Select mask to maximize patient comfort
Oronasal (full face) masks
Patients who sleep with their mouth open

Nasal masks
Better tolerated with claustrophobia

Nasal pillows (sit under the nose and fit in the nares)
Also better tolerated with claustrophobia
Patients with unusual nasal bridge anatomy, facial hair, or
absent dentition

Copyright Annals of Internal Medicine, 2014


Ann Int Med. 161 (5): ITC5-1.

What is the role of mandibular


advancement devices?
Decrease airway collapsibility and enlarge upper airway
Requires adequate dentition, may exacerbate TMJ
Refer to experienced dentist (sleep dentistry accreditation)

Less effective than CPAP for normalizing the AHI


Mild or moderate OSA: May be reasonable initial therapy
Severe OSA: Not recommended as initial therapy
Patients tend to accept better than CPAP

Follow-up sleep study needed to document adequacy

Copyright Annals of Internal Medicine, 2014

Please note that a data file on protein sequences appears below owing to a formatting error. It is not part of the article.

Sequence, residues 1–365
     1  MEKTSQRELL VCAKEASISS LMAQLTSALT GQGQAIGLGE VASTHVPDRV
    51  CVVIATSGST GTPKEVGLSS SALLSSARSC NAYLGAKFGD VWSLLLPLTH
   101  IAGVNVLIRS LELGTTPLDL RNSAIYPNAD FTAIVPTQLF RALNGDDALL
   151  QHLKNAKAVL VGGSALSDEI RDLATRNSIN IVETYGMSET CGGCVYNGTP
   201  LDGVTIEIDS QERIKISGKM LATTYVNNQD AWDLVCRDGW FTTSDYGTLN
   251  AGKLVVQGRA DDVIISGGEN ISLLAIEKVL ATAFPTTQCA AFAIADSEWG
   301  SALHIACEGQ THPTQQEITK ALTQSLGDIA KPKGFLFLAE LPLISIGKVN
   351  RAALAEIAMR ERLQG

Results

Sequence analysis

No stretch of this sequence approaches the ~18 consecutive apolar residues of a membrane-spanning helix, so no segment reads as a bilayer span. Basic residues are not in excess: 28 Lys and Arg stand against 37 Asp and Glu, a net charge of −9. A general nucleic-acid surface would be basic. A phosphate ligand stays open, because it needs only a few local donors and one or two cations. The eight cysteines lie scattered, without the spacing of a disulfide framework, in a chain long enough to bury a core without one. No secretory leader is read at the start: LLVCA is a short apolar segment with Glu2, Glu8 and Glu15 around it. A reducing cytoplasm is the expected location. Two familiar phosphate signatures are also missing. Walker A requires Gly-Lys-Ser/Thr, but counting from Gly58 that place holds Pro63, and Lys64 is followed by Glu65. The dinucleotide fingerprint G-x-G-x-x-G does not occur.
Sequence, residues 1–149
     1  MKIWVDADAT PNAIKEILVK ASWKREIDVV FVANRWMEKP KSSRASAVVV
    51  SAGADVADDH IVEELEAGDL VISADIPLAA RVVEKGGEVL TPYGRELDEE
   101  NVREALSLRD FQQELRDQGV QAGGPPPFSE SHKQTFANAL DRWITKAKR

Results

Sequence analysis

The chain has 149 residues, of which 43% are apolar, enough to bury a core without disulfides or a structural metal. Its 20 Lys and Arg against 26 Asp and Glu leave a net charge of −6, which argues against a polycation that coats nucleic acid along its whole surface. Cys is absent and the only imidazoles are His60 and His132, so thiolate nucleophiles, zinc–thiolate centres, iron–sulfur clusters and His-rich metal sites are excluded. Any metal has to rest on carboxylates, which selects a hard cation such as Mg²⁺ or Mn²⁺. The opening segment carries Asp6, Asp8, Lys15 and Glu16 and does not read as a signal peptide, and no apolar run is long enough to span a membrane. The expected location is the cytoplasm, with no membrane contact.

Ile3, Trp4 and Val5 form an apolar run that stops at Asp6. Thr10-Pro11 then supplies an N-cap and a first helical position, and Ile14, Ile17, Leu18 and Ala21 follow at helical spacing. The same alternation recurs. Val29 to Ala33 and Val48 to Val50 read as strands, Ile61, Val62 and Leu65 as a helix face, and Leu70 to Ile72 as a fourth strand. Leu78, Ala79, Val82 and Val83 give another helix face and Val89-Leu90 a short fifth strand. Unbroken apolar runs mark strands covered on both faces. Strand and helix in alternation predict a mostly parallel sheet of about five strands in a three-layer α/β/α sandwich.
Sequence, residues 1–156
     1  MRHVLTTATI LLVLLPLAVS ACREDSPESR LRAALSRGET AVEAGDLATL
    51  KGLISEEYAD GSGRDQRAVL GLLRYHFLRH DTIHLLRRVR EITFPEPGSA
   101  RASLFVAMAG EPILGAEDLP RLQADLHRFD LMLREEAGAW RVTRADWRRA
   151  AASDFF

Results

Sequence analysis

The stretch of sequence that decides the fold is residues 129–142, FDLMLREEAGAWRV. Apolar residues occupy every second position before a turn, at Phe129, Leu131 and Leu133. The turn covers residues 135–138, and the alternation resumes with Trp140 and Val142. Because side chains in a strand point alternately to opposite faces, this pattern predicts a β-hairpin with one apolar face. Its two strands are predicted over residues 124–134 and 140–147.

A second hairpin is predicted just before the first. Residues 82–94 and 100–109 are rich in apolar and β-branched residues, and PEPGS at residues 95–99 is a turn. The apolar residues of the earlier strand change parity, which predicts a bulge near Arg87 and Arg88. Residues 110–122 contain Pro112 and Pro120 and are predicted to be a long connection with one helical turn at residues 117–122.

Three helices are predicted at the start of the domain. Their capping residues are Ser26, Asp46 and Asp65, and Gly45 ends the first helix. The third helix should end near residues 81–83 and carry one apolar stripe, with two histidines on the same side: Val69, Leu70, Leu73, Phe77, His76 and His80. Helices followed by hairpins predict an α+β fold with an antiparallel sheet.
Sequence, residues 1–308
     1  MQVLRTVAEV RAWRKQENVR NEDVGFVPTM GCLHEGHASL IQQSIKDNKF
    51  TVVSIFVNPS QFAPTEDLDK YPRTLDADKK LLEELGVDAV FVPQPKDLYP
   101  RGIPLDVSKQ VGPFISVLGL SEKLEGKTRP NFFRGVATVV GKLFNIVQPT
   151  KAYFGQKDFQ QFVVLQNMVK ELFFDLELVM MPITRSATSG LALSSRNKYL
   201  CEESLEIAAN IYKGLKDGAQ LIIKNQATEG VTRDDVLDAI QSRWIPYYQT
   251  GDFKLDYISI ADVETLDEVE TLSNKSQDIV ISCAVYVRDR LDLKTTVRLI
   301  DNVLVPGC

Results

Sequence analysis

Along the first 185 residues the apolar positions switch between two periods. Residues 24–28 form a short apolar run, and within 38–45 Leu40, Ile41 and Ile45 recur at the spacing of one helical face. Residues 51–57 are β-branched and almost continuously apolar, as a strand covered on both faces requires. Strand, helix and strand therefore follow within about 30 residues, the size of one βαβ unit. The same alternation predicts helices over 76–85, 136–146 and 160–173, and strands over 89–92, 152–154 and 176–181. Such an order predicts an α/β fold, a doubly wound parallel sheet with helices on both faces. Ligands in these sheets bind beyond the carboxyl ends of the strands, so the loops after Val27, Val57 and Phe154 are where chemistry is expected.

Ann Int Med. 161 (5): ITC5-1.

What is the role of surgical intervention?


Uvulopalatopharyngoplasty (UPPP)
Small reduction in symptoms
Fewer than half of patients have reduction in severity

Tonsillectomy, nasal septoplasty


Increase CPAP tolerability + reduce snoring (not cure)

Maxillomandibular advancement
Invasive procedure with prolonged postop recovery
Cure rate >90%, particularly in nonobese with retrognathia

Tracheostomy
Cures OSA
Can be used in life-threatening situations
Copyright Annals of Internal Medicine, 2014
Ann Int Med. 161 (5): ITC5-1.

How should treatment be monitored?


Ensure CPAP use during all sleep sessions
Assess symptom resolution
Monitor side effects of CPAP
Assess comorbid conditions associated with OSA
Monitor remission due to weight loss or surgery
Monitor remission in those with history drowsy driving
If relapse occurs, investigate stepwise:
Inadequate therapy adherence
Problems with CPAP delivery
Change in pressure needs
Non-OSA sleep factors
Copyright Annals of Internal Medicine, 2014
Ann Int Med. 161 (5): ITC5-1.

How should OSA be treated when a patient


is admitted to the hospital?